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Edit: For those of you looking for an answer to the question as stated the standard limits the number of nested loops at compile time. At runtime this is a different issue as the only limit would be the size of the program segment.

Solved: I was looking too early on in the build process. The c file gets further preprocessing applied to it. Off to the subsequent steps.

I have a problem with c code generated via perl from a language that applies rules for generating pronunciation. In essense the input is a huge dictionary of exceptions for pronounciation rules. The code is riddled with gotos and it worked up until one of the exception dictionaries reached 23K rules.

The code is basically unreadable but I have managed to make the c code compile after removing what appears to be the 6200th nested loop:

for (dictionionary1=seed1;dicitonary1<limit1;dictionary1++)
{
    for (dictionionary2=seed2;dicitonary2<limit2;dictionary2++)
    {
           /* .... */
        for (dictionionary6199=seed6199;dicitonary6199<limit6199;dictionary6199++)
        {
               /* two hundred more removed adding one makes it not compile */

        }

    }
}

Both gcc and xlC are able to handle these but aCC 3.73 (on H11.23 PA RISC) is puking.

Compiling /home/ojblass/exception_dictionary_a.c...
Loading the kernel...
Pid 18324 killed due to text modification or page I/O error
/bin/ksh: 28004 Bus error(coredump)
*** Error exit code 138

I have found this link and tried many of the suggested fixes without success.

For legacy reasons I have to compile for 32 bit (it uses a 32 bit library that I have no 64 bit counterpart for).

maxdsiz = 256 MB (x10000000) tried up to 4 GB
maxssiz = 16 MB (x1000000) tried up to 100MB
maxtsiz = 256 MB (x10000000) tried up to 1 GB

Any suggestions at compiler settings or a good link for documetation for aCC 3.73? I am drowning in search results.

I have coded a workaround breaking the dictionary into two parts resulting in dictionary_an.c and dictionary_az.c. I have had to touch some core logic I don't feel comfortable touching in order to pull this off and I was hoping to back down to the original configuration.

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1  
Strictly, the C standard does not limit the number of loops; it places a lower bound on the number of nested loops that must be supported. Anything with 6200 nested loops is mind-boggling. I have to doubt that it is the 'best' way to handle the problem. –  Jonathan Leffler Apr 19 '09 at 14:10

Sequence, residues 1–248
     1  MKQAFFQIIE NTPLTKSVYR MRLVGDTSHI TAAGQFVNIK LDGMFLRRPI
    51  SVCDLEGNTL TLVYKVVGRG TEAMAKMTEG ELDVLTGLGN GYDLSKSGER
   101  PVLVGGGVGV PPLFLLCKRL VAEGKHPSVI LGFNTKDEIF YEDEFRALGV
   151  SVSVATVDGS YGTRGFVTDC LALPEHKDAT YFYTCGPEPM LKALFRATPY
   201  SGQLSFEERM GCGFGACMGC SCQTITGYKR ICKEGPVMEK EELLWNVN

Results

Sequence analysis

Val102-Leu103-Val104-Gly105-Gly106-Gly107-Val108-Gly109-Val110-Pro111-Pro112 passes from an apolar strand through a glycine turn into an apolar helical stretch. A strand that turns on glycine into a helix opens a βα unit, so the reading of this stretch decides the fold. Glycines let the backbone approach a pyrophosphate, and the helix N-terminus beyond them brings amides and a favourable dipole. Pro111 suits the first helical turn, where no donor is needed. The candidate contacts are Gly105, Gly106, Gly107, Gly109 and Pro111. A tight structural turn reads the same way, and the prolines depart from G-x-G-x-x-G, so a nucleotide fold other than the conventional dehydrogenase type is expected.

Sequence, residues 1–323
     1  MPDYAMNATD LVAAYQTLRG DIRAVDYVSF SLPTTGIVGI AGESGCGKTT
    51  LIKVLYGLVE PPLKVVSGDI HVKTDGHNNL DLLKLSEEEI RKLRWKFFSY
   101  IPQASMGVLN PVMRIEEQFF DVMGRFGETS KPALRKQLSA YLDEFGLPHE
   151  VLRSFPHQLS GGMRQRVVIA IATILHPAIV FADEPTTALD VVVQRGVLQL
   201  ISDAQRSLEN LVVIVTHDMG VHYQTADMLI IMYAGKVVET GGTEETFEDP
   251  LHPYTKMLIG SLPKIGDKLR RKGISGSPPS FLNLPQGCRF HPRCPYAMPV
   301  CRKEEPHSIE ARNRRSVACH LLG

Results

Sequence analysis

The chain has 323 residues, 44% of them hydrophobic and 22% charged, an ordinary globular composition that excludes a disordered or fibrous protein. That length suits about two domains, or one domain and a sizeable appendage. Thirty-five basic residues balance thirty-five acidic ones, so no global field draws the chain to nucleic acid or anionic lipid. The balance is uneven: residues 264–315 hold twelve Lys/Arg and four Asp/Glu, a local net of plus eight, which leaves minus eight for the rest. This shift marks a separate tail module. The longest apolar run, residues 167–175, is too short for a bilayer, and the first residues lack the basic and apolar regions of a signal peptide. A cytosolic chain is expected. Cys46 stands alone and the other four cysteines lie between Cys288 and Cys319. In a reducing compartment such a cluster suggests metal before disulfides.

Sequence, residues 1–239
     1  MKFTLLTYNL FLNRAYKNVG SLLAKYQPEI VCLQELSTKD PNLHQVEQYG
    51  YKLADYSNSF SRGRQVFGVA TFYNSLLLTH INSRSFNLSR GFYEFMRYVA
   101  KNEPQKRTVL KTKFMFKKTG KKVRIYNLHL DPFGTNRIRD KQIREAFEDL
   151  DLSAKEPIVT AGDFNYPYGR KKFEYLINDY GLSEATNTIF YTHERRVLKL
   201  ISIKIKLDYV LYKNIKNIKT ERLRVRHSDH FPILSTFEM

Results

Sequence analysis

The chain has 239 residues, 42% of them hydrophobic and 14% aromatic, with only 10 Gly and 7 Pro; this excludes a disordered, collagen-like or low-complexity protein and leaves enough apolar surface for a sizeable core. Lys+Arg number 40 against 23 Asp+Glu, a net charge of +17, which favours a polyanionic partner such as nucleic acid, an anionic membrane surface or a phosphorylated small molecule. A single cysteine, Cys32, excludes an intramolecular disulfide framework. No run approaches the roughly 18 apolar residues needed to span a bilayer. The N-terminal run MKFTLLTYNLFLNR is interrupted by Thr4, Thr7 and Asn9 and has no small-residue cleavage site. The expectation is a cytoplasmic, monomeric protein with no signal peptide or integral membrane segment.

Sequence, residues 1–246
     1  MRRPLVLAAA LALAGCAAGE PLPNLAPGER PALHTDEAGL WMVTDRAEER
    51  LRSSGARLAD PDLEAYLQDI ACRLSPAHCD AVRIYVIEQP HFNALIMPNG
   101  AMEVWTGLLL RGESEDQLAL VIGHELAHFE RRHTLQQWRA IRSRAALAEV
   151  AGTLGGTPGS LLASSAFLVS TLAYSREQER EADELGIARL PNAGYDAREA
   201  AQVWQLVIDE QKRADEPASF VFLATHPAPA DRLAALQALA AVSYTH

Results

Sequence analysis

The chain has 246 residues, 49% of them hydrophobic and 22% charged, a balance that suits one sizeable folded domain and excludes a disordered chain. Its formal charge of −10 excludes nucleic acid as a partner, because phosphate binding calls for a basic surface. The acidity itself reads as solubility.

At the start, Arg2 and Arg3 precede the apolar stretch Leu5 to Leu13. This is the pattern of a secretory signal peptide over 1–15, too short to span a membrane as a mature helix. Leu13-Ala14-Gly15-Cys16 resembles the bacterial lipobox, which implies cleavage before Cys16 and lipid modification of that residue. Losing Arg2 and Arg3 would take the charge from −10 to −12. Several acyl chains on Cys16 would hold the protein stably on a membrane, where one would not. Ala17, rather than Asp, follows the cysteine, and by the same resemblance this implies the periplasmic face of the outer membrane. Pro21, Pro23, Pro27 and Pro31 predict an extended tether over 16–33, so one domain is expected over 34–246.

2 Answers 2

up vote 6 down vote accepted

Wow - I know it's no help to you, but nesting 6199 levels deep is well in excess of what C or C++ require (15 for C90, 127 for C99 and 256 for C++).

What I'm curious about is how well that thing runs - if your dictionaries are of any size, the number of loop iterations must be astronomical. Say each dictionary size is 10: (10 ^ 6199) is quite a large number. Even if there are only 2 items per dictionary, (2 ^ 6199) is impressive as well.

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I cannot speak to this peice but the overall system generates speech at approximately 16 times realtime. In some analysis the sound selectin and wave smoothing of the final speech system dwarfs the runtime of the pronunciation component by a factor of 2400 to 1. I stripped a lot of code out (large number of goto statments) that probably decrease the complexity by a huge amount. Unfortunately I am sitting upon some things I don't quite get. –  ojblass Apr 18 '09 at 22:21
1  
Maybe the gotos and things mean it doesn't actually take terribly long. But it's ludicrous code, anyway. –  Artelius Apr 18 '09 at 22:24
    
I don't envy you - trying to fix generated code or code generators can be a nightmare. –  Michael Burr Apr 18 '09 at 22:24
1  
The limits given are the minimums the standards require that a compiler support. But in any case, they don't really apply to a program using recursion - that's a runtime thing, not a compile-time thing. –  Michael Burr Apr 18 '09 at 22:30
2  
@objblass: No, recursive algorithms are no problem. It is only the "syntactic" nesting depth that matters, basically how deep the parser is required to go when parsing a function. Whenever you call another function, the nesting depth becomes irrelevant (because the function you're calling is parsed separately, starting from a nesting depth of 0). So the limit only applies to how many loops can be nested directly inside each others inside a single function. –  jalf Apr 18 '09 at 22:54

Pid 18324 killed due to text modification or page I/O error

Sounds like a stackoverflow^Wmemory error to me. That would mean it's a bug in the compiler. I don't speak HPUX so I might be wrong, but opening a ticket with HP might yield more information.

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